The fourth (and apparently final) film in what might be called Woody Allen’s European period, Vicky Cristina Barcelona is the closest to what fans of his classic relationship comedies keep hoping the writer-director will produce again. It’s a light, entertaining and romantic movie without the strained zaniness of 2006’s Scoop, filled with mild humor, some wonderfully drawn characters and a lovely Spanish setting.
In keeping with Allen’s late-career embrace of sensuality over awkwardness, Barcelona is a visual treat from start to finish, reveling in the beauty of both its location (the titular city in Spain) and its stars. Rebecca Hall and recent Allen favorite Scarlett Johansson are the title characters, two American friends spending a summer abroad. Vicky (Hall) is working on a master’s thesis on “Catalan identity,” while Cristina (Johansson) is just hoping the change of scenery will help her find herself.
Their circumstances and states of mind are described by an omniscient male narrator in a technique that is jarring at first but soon gives the movie the tone of a particularly sharp and observant short story. The narrator, for example, encapsulates Cristina’s flightiness perfectly in his introduction of her, in which he explains that she has just spent a year writing, directing and acting in a 12-minute movie that she absolutely hates. Snide remarks like these pop up occasionally, always with measured delivery but showing a level of skepticism (though never condescension) toward some of the characters’ choices.
Staying with Vicky’s distant relatives, the two women soon meet up with suave Spanish painter Juan Antonio (Javier Bardem), who bluntly proposes bedding both of them during their first conversation. Engaged Vicky finds him off-putting initially, but Cristina immediately swoons, and soon ends up his devoted lover. Things continue at a frothy but sometimes sluggish pace, and just when the movie threatens to lose its spark, Penelope Cruz arrives to liven things up as Juan Antonio’s ex-wife Maria Elena.
Cruz is fantastic as the passionate, mentally unstable woman who always says exactly what’s on her mind, and her presence gives both Cristina and the movie itself a reason to perk up. Maria Elena insinuates herself into Juan Antonio and Cristina’s relationship, leading to the overhyped (and really rather tame) threesome that’s been dominating early press for the movie. Allen may be more open to exploring the sexiness of romance these days, but he still isn’t interested in anything prurient, and his depiction of the trio’s relationship is more about their individual intimacy issues than it is about hot girl-on-girl action.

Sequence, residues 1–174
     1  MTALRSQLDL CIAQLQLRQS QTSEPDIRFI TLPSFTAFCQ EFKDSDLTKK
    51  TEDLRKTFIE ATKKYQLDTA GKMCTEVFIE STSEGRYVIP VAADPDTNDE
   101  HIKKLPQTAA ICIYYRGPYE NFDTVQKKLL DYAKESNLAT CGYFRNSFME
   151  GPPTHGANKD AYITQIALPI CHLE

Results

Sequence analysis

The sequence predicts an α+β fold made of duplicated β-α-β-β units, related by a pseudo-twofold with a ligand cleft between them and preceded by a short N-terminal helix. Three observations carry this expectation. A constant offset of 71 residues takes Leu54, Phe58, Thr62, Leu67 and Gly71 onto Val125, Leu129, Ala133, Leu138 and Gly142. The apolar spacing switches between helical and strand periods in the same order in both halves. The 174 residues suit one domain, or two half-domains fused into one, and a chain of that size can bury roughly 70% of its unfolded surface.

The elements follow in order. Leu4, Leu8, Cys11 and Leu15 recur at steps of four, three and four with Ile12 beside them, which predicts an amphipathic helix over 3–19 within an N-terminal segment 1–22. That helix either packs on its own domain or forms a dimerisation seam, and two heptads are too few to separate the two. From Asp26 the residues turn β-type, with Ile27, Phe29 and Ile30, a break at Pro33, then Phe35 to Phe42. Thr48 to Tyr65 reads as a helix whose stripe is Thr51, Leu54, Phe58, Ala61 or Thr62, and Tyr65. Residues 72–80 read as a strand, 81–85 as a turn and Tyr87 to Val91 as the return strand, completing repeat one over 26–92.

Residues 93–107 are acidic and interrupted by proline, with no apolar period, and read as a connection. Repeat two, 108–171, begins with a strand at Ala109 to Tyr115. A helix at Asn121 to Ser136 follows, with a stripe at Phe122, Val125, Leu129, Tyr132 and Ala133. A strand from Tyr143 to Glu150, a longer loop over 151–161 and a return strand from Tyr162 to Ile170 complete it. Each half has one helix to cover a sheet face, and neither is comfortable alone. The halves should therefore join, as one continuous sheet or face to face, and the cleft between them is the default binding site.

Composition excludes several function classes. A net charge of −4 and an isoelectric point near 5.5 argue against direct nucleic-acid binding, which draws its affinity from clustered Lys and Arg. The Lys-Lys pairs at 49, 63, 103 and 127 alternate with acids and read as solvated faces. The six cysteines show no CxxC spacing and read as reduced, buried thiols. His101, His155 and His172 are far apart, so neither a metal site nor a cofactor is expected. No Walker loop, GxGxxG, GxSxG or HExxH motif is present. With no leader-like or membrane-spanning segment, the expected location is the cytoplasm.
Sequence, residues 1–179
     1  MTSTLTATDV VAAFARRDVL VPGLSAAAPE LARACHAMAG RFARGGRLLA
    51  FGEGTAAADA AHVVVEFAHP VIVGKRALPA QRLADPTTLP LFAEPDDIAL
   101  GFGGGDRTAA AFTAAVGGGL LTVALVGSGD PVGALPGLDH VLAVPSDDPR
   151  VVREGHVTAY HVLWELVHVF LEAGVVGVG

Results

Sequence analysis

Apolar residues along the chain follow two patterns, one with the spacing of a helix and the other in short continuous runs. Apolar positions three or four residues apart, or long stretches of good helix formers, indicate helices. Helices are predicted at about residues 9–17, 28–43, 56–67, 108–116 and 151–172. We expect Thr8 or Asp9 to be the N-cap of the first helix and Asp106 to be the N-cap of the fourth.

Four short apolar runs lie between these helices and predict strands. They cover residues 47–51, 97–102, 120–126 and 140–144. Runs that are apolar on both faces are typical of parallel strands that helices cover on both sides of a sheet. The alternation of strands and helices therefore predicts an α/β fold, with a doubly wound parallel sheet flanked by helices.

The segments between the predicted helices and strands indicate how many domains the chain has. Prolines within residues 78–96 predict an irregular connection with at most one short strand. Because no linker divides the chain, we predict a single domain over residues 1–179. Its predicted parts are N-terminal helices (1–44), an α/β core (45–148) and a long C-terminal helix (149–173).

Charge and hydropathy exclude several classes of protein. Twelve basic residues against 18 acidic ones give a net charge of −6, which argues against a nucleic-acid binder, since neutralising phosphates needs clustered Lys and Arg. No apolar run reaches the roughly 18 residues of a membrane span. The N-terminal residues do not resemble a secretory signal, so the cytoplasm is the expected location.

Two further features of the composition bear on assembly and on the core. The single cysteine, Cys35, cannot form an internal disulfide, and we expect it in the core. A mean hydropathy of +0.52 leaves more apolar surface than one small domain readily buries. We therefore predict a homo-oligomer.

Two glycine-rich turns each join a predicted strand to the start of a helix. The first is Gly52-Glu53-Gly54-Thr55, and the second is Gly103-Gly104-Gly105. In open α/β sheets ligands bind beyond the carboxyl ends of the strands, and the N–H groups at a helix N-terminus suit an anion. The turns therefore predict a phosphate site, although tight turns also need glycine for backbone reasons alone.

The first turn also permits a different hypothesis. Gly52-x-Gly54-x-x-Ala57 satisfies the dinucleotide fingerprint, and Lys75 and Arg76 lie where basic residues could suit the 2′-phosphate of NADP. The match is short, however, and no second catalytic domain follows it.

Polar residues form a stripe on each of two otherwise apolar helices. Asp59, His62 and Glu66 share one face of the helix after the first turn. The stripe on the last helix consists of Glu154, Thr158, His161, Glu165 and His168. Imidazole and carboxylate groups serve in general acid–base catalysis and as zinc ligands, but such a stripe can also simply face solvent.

Meanwhile, Vicky nurses a slow-burning flame for Juan Antonio while spending time with her wet-blanket fiancé, Doug, such a generic corporate tool that he works for a company called Global Enterprises and seemingly talks about nothing but golf. As a character, he’s a cipher, but that’s part of the point—Vicky is marrying an empty suit rather than pursuing the vibrant, unpredictable Juan Antonio. Hall, playing the closest thing the movie has to the traditional Allen surrogate, makes Vicky’s dilemma real and more problematic than it would appear on the surface, and Johansson, somewhat out of her depth in previous Allen outings, imbues Cristina with the right mix of infuriating and endearing.
It’s Cruz who runs away with the movie, though, and holds it together when it starts to feel insubstantial. Allen envelops his audience in sensuality, and then uses it to offer some bitter life lessons. Still, for a romance in which nobody seems to end up getting what they want, Vicky Cristina Barcelona is deceptively satisfying, and leaves you with a sense of hope, however false.